Growing trade war with China puts economy at risk
President Trump slapped a fresh round of tariffs on Chinese exports last week, escalating his year-long trade war and roiling global markets, after China showed little sign of softening in the latest round of talks. Trump said the U.S. would impose a 10 percent duty on another $300 billion in Chinese exports on Sept. 1, adding to 25 percent tariffs already levied on $250 billion in goods. The announcement came one day after U.S. negotiators returned from fruitless talks in Shanghai—and Trump castigated China for breaking a promise to buy American farm products he claims Chinese President Xi Jinping made in June. “That is the problem with China, they just don’t come through,” Trump tweeted. China responded by devaluing the yuan to its lowest level against the dollar since 2008 and vowing to halt American farm imports while also taxing those recently purchased.
The effects of the new tariffs could quickly become apparent in stores: Sixty-two percent of the products slated for tariffs are consumer goods, including apparel and footwear, toys, and cell phones. By one estimate, the cost of an iPhone will jump $75 to $100. Stocks retreated globally on the news, including a 2.9 percent tumble in the Dow Jones industrial average. That was the index’s worst single-day performance since Dec. 24, as investors braced for the possibility of a protracted global slump. In the U.S., Moody’s Analytics raised the chances of recession over the next year to 50 percent from 35. Trump’s tariffs came one day after the Federal Reserve cut interest rates for the first time since 2008, partly, Chairman Jerome Powell said, in response to “downside risks” from “trade tensions.”
What the editorials said
Trump’s latest tariff salvo is “no more likely to produce” a deal than previous rounds, said Bloomberg.com. The pain of the levies is primarily felt by not by China, but by U.S. consumers shouldering higher costs and manufacturers who must overhaul intricate supply chains. Moreover, Trump’s unreasonable demands have unwisely painted “any prospective compromise as a Chinese surrender.” He would have done better to find ways to give China an out and spin concessions as being in China’s interest.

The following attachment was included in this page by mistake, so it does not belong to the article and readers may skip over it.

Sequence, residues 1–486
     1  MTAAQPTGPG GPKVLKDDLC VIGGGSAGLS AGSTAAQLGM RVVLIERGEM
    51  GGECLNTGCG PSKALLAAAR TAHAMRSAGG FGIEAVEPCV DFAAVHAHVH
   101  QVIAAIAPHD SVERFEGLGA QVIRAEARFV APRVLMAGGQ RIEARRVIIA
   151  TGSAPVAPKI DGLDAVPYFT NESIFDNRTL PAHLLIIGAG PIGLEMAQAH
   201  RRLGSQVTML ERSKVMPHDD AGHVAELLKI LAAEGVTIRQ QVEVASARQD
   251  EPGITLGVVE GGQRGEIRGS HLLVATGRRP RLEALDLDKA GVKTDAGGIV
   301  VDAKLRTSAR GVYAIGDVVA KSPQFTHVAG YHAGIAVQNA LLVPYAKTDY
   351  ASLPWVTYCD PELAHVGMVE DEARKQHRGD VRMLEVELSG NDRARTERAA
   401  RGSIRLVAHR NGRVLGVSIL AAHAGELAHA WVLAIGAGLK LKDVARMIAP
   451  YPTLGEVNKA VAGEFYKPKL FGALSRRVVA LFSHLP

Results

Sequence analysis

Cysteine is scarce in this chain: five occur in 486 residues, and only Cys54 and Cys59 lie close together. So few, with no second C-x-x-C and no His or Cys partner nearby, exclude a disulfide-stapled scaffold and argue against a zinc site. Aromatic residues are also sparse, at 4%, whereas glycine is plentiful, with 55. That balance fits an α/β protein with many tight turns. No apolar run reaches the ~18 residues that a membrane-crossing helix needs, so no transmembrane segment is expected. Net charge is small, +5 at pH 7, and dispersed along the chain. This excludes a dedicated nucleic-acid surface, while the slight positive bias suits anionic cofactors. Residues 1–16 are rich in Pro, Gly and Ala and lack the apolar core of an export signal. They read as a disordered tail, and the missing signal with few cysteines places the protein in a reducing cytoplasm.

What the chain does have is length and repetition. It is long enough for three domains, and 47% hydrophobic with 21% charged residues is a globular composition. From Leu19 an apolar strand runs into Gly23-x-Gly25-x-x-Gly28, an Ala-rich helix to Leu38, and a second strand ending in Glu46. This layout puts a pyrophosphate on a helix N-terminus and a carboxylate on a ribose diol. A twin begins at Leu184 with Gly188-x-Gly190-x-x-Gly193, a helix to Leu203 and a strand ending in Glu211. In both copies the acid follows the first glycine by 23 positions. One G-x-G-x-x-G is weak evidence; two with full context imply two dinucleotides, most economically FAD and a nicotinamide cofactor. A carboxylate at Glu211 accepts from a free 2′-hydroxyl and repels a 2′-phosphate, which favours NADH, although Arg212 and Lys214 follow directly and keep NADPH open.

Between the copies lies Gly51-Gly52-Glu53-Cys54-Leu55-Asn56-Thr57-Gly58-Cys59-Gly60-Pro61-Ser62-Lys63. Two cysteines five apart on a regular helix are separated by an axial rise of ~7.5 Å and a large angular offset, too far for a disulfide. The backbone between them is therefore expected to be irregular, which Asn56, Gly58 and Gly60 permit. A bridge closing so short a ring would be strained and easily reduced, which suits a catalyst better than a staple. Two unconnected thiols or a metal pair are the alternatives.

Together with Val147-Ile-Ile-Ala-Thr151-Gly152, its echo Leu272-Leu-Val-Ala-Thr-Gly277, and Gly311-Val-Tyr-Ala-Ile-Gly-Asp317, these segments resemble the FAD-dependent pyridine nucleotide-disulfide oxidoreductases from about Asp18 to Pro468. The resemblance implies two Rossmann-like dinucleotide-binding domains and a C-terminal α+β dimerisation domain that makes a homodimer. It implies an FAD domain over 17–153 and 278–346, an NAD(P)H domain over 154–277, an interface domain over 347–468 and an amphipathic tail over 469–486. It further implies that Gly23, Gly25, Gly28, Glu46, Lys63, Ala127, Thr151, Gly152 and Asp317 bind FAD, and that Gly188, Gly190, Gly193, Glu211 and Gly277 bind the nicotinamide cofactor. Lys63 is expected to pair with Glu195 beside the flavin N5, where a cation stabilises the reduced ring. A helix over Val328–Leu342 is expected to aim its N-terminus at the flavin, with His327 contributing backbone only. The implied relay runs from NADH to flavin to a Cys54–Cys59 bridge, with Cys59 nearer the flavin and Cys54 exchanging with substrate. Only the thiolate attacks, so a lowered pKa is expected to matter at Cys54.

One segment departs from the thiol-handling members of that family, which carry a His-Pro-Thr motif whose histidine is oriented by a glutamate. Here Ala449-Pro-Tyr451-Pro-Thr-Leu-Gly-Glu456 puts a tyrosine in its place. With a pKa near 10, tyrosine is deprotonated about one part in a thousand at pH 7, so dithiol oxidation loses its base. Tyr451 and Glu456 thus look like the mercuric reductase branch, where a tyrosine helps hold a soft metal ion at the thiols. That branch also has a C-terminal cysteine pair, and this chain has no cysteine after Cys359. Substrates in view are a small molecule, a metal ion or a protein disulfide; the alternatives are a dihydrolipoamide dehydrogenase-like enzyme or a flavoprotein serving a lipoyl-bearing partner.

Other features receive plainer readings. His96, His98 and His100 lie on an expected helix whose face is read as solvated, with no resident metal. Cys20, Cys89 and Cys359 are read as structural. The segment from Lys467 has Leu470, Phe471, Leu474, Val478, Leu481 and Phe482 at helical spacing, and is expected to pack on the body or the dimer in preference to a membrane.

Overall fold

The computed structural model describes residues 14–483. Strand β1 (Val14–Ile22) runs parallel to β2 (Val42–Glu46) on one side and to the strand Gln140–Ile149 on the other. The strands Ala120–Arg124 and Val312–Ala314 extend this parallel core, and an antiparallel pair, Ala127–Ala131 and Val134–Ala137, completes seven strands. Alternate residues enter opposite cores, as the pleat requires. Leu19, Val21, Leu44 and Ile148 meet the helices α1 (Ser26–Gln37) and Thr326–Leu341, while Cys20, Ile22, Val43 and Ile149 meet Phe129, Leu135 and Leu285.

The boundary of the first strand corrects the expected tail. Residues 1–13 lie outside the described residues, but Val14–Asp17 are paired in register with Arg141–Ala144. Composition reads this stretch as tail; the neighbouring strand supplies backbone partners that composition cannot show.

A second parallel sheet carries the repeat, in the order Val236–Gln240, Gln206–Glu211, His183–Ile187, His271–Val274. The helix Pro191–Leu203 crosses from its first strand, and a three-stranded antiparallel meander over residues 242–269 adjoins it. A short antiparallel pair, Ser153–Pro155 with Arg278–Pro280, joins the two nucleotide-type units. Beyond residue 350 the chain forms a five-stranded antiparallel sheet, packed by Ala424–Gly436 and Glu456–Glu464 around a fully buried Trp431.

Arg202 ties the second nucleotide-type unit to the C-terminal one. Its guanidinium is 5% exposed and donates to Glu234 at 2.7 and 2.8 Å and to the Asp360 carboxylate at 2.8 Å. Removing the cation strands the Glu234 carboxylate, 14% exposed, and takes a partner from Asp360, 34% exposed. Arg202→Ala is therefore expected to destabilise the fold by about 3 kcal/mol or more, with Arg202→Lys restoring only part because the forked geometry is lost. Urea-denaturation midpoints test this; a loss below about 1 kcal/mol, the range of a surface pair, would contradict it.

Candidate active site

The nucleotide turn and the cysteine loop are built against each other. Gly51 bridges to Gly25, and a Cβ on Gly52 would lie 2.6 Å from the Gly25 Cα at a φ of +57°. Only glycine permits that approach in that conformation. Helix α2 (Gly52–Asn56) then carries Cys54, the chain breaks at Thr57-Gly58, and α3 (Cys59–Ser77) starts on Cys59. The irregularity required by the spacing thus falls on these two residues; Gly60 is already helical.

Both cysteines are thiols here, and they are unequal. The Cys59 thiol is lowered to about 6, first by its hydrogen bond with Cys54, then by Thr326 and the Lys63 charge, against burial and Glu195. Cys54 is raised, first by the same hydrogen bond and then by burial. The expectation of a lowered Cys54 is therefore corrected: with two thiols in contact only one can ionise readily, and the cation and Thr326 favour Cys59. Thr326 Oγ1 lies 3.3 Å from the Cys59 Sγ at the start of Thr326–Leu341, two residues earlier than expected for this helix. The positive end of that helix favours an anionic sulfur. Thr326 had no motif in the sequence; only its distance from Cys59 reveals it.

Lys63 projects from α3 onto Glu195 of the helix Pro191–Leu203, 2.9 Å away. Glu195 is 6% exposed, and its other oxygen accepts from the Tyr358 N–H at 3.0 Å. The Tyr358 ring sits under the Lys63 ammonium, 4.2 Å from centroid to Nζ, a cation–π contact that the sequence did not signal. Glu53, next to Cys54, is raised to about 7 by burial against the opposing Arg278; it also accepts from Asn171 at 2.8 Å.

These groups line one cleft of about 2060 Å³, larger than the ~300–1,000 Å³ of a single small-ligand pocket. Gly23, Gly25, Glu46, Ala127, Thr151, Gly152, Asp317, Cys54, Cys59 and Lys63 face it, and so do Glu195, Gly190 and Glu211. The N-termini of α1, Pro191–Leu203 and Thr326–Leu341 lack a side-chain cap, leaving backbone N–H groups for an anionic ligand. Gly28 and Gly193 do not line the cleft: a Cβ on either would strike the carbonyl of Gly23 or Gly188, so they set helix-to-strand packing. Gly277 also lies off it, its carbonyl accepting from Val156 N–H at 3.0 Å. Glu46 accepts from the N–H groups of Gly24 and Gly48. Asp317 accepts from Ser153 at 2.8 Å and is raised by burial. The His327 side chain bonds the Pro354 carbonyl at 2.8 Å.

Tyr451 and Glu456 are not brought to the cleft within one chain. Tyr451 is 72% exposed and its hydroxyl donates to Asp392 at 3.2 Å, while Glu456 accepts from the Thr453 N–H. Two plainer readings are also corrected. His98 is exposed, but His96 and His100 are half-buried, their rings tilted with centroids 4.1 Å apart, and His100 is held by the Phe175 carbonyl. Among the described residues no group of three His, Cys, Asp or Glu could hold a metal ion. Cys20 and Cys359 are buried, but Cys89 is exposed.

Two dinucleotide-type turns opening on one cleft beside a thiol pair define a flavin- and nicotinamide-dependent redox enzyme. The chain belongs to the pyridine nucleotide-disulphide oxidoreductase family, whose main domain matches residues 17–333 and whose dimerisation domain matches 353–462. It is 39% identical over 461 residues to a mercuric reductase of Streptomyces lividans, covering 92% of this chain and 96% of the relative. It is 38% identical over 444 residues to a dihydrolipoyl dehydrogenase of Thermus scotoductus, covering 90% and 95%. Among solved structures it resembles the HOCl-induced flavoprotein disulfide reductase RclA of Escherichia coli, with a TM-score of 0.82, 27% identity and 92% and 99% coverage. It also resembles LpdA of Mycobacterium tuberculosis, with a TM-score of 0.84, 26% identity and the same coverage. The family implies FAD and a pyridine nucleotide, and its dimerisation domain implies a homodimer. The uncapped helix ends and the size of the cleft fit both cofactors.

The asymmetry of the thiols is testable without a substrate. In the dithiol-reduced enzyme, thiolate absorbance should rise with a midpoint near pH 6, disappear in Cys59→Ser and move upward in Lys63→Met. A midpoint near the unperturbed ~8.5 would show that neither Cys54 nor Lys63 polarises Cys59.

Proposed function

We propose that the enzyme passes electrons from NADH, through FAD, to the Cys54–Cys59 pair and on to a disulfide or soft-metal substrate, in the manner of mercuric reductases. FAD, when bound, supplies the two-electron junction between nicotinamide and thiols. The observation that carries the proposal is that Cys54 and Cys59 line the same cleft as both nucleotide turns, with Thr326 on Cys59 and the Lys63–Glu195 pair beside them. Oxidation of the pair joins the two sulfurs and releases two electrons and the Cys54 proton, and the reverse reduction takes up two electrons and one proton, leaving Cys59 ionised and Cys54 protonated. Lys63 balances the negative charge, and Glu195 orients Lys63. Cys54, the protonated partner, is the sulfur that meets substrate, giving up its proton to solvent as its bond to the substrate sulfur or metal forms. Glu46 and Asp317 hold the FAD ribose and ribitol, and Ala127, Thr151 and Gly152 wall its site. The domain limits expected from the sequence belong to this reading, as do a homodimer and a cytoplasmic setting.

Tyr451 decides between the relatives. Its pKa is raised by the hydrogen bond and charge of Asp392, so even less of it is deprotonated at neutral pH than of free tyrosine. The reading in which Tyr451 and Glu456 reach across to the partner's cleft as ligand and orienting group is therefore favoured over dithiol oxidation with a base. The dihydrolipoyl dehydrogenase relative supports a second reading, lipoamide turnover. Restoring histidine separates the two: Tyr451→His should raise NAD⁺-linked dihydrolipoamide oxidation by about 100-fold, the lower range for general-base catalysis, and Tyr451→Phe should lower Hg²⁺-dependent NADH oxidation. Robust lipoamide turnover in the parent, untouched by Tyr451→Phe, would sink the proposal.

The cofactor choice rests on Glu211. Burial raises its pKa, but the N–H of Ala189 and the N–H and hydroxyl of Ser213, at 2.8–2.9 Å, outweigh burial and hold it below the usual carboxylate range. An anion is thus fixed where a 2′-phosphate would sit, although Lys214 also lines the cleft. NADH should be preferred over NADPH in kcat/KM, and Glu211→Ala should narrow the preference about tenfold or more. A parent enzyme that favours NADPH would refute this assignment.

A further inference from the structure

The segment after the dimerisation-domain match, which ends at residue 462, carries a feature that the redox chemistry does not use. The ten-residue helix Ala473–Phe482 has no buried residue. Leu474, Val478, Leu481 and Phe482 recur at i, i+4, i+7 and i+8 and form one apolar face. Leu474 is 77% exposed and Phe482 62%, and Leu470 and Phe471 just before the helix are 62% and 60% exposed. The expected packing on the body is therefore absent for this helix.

Trump’s “trade war has now become a currency war,” said The Wall Street Journal. After China devalued the yuan, the U.S. Treasury Department branded China “a currency manipulator”—a provocative designation that can trigger still more tariffs. Global markets tanked. Any further devaluation could trigger a “debt crisis” among Chinese companies that must service hundreds of billions of dollars in debts with a devalued yuan. If China’s economy plunges into recession, it will “end badly for everyone.”
What the columnists said
This trade war is pushing us into what former Treasury Secretary Larry Summers calls “the most dangerous financial moment since the 2009 Financial Crisis,” said Heather Long in The Washington Post, The consensus on Wall Street is that “it’s going to get worse before it gets better.” U.S. economic growth has already cooled to a 2 percent pace. Now the tariffs dampen the prospects even more, and “the bond market is signaling a coming recession.”
Ironically, the market’s stumble over China and the weakening economy could give Trump the rate cut he wants from the Fed, said Shuli Ren in Bloomberg.com. Trump used the yuan devaluation as a cudgel to “berate the Fed” and push for lower interest rates. “As Beijing well knows, sometimes a leader’s belligerence toward other nations is really aimed at an audience at home.”
Trump is fighting the right fight at the right time, said Salvatore Babones in NationalInterest.org. China is feeling real pain as manufacturers flee to Vietnam and India while the American economy employs “record numbers of people.” Over time, China will only become stronger and protecting American intellectual property will be more difficult. “If 1989 was the historical moment to squeeze the Soviet Union, then 2019 is the historical moment to squeeze China.”
With his latest gambit, Trump is jeopardizing his chances in 2020, said Jennifer Rubin in The Washington Post. His staunch red-state supporters took another blow when China vowed to stop buying U.S. agricultural products. With a “suicidal” trade war, Trump eliminates “the sole rationale for his reelection: the economic recovery.” ■